News / Economy

Europe, US Stocks Stabilize, but Asian Indexes Tumble

A man reacts to a gust of wind as it starts to snow, in front of an electronic stock board at a securities firm in Tokyo, Feb. 4, 2014.
A man reacts to a gust of wind as it starts to snow, in front of an electronic stock board at a securities firm in Tokyo, Feb. 4, 2014.
VOA News
European and U.S. stocks stabilized Tuesday, a day after a large sell-off at New York exchanges, but Asian markets fell sharply.

Key stock indexes in London, Paris and Frankfurt closed mixed, but U.S. stocks advanced in mid-day trading.  

Asian stocks suffered following Monday's release of weaker-than-expected manufacturing data in the United States.

Tokyo's benchmark Nikkei average ended the day down nearly 4.2 percent - its lowest mark in nearly three months.

After making strong gains in 2013, the Nikkei has tumbled more than 15 percent since the start of the year.

Japanese Cabinet Secretary Yoshihide Suga said investors are concerned about developments in the U.S., with the world's biggest economy.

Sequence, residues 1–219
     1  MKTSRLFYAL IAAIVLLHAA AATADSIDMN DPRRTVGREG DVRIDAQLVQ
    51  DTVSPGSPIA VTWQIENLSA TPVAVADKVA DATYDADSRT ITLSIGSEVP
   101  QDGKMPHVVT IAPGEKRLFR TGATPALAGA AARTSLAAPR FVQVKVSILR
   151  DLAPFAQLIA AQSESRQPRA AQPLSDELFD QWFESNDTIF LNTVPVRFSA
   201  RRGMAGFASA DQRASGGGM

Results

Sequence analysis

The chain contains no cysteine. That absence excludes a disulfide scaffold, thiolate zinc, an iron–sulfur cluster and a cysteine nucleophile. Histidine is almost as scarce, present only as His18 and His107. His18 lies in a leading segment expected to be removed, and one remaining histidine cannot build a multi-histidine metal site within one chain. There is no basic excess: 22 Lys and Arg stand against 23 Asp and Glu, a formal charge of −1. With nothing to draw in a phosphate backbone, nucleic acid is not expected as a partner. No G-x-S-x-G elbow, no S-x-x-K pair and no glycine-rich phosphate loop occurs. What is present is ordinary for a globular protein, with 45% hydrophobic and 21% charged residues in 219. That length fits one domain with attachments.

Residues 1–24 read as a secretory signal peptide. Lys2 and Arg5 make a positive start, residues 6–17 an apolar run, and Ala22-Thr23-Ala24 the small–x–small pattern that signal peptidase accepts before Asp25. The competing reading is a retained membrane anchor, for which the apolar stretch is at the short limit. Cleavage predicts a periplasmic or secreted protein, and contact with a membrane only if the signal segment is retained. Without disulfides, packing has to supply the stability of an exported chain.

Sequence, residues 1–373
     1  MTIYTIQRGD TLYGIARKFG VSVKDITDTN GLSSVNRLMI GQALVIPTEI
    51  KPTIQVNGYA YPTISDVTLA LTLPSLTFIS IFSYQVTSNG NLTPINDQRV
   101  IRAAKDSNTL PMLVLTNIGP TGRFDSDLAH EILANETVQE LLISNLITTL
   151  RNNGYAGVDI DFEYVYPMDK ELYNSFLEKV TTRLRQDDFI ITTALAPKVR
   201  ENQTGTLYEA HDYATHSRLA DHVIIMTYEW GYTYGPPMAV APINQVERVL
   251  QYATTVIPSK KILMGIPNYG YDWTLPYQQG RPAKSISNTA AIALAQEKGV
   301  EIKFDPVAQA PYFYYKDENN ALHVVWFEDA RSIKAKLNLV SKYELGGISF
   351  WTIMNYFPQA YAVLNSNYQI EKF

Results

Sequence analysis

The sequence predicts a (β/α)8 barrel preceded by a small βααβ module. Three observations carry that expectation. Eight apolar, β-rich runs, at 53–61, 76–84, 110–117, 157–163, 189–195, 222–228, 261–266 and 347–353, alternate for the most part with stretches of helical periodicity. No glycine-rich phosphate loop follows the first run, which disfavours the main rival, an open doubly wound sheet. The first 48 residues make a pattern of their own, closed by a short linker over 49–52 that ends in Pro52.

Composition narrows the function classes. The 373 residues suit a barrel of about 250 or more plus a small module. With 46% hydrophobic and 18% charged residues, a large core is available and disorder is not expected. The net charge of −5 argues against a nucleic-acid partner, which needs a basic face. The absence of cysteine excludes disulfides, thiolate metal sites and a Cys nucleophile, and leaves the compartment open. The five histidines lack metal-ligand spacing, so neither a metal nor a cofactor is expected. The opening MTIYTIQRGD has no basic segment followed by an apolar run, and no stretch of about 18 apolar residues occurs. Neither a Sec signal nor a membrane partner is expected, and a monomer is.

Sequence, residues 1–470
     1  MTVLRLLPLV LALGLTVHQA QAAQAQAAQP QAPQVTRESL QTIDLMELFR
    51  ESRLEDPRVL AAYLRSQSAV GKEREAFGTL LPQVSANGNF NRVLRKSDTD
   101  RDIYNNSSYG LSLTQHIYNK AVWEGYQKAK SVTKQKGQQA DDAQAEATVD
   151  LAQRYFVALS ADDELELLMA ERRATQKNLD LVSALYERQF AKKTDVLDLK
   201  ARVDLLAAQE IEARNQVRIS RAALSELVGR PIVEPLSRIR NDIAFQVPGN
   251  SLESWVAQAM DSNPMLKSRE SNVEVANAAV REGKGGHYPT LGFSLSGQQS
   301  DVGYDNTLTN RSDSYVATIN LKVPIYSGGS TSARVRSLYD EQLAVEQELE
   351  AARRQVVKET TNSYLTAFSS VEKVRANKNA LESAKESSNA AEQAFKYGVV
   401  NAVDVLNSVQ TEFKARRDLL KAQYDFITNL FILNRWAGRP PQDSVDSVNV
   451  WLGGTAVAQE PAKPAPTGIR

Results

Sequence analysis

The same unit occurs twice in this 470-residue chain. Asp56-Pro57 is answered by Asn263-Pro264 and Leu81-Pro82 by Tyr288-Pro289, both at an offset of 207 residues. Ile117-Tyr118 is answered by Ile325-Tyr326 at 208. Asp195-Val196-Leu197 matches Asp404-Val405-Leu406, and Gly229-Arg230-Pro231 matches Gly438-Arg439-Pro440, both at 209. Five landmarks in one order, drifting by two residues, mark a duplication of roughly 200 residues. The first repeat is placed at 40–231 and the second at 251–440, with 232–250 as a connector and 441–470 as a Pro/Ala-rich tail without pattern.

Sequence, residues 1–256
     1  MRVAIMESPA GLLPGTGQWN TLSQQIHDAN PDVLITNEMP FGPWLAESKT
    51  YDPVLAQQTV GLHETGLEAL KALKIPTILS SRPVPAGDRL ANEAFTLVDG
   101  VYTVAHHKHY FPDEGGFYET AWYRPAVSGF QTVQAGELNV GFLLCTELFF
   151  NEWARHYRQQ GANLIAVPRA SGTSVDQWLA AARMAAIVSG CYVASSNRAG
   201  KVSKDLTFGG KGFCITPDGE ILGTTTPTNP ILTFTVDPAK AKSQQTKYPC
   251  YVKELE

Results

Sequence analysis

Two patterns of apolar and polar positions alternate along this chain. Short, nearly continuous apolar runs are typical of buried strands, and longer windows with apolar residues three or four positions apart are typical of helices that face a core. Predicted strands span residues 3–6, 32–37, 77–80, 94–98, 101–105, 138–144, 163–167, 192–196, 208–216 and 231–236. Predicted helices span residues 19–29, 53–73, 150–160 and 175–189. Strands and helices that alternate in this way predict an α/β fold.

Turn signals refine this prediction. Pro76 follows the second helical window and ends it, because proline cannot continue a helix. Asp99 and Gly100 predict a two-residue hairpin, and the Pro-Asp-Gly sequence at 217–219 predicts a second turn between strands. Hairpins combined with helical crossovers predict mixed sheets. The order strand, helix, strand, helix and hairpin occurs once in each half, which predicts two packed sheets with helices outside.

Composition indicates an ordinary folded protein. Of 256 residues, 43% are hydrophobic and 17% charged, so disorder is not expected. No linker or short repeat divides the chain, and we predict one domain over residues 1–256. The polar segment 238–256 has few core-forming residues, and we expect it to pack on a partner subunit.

"In addition to future concerns with the emerging markets, U.S. economic data announced earlier was seen as weak, meaning that there is now a heightened sense of uncertainty with the U.S. economy as well. Investment money thus fled to less riskier U.S. government debt, and at the same time, there was a move to buying back the yen,'' he said.

Trading was also lower in South Korea and Hong Kong. Markets in China and Taiwan were closed for a holiday.

Wall Street on Monday had its worst day since June, after new data showed U.S. manufacturing activity slowed sharply in January.

There are also lingering concerns about emerging markets following the U.S. Federal Reserve's decision to further trim its bond-buying stimulus.

The policy, which is on pace to end altogether by the end of the year, was meant to pump more money into the U.S. economy, boost job growth and keep interest rates low.

But as interest rates edge higher, analysts worry investors will pull their money from emerging economies and seek higher returns in the U.S.

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